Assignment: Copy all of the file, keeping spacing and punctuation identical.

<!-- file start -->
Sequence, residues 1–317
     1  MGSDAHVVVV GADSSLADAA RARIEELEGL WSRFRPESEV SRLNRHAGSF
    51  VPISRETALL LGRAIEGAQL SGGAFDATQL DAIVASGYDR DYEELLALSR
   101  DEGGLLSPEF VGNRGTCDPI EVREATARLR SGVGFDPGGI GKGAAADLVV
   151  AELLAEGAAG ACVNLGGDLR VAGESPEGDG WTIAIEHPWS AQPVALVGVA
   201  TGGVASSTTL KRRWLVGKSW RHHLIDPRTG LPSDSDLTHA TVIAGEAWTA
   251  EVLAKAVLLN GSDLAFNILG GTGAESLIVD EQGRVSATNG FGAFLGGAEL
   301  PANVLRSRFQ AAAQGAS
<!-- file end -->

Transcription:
Sequence, residues 1–317
     1  MGSDAHVVVV GADSSLADAA RARIEELEGL WSRFRPESEV SRLNRHAGSF
    51  VPISRETALL LGRAIEGAQL SGGAFDATQL DAIVASGYDR DYEELLALSR
   101  DEGGLLSPEF VGNRGTCDPI EVREATARLR SGVGFDPGGI GKGAAADLVV
   151  AELLAEGAAG ACVNLGGDLR VAGESPEGDG WTIAIEHPWS AQPVALVGVA
   201  TGGVASSTTL KRRWLVGKSW RHHLIDPRTG LPSDSDLTHA TVIAGEAWTA
   251  EVLAKAVLLN GSDLAFNILG GTGAESLIVD EQGRVSATNG FGAFLGGAEL
   301  PANVLRSRFQ AAAQGAS